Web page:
Georgians are among the most likely to change the way they talk in job interviews, according to a recent survey by Writing Tips Institute. The study found that 45% of job applicants with a southern accent modify their speech patterns when applying for jobs, fearing negative stereotypes and potential wage penalties.
Research from the University of Chicago and the University of Munich revealed that people with strong regional accents face a wage penalty of 20% compared to those who speak with a “standard accent.” This wage penalty is equivalent to that of the gender wage gap.
The Writing Tips Institute’s survey of 3,000 job applicants showed that over one-third (38%) “soften” their regional accents in job interviews. Job applicants from Western New England (51%) were the most likely to alter their speech patterns, followed by those with a South Midland accent (50%) and the New Jersey accent (45%).
Southern accents are characterized by elongated vowels, a slower and more relaxed pace of speech, and a tendency to drop the final “g” sound in words that end in “-ing.”
In addition to identifying the accents most likely to be modified, the survey revealed the industries where workers are more likely to change their accents. The top industry was Real Estate, with 46% of respondents admitting to softening their regional accents, followed by Tourism, Public Service, IT, Engineering, Hospitality, Finance, Retail, Healthcare, Media, Education, Legal, Technology, and Energy.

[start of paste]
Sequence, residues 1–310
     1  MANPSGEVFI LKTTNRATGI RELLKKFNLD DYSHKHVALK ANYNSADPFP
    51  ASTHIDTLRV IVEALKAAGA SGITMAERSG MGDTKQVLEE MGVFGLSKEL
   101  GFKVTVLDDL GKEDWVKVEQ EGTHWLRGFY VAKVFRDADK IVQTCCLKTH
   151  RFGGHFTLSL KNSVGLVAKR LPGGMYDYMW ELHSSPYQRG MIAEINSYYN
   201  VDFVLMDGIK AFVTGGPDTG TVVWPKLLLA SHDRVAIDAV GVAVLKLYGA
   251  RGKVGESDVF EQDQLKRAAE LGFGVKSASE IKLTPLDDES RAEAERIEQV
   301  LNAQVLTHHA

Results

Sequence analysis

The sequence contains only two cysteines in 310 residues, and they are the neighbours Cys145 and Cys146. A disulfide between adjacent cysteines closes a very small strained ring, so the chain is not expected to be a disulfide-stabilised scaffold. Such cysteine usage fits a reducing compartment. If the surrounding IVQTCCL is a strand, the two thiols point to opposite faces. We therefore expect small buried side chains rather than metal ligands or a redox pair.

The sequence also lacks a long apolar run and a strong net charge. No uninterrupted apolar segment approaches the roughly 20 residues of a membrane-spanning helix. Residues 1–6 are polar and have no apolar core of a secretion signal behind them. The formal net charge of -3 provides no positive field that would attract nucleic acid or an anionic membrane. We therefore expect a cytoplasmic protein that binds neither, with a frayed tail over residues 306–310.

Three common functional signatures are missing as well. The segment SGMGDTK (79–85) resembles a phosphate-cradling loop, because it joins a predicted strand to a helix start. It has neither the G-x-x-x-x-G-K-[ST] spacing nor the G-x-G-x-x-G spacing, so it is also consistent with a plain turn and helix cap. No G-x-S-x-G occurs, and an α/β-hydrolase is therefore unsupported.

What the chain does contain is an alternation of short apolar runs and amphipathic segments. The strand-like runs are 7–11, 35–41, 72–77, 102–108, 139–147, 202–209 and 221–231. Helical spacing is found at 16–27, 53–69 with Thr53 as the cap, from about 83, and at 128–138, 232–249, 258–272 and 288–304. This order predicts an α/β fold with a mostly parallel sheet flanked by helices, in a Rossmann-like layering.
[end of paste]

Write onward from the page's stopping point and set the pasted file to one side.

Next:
Shaun Connell, Founder & CEO of Writing Tips Institute, expressed concern over the pressure to conform to linguistic norms, particularly in industries that value communication skills, such as sales or customer service. He emphasized that linguistic diversity is a valuable aspect of culture, and no one should feel the need to alter their accent or language to be successful in their profession.
“The pressure to conform to linguistic norms can be especially pronounced in industries that place a high value on communication skills, such as sales or customer service. While this may be an effective strategy for some job seekers, it’s a shame that people feel like they have to change an integral part of their identity in order to be accepted or successful in a job. It’s important to recognize that linguistic diversity is a valuable and enriching aspect of our culture, and no one should feel like they have to alter their accent or language in order to be successful,” Connell said.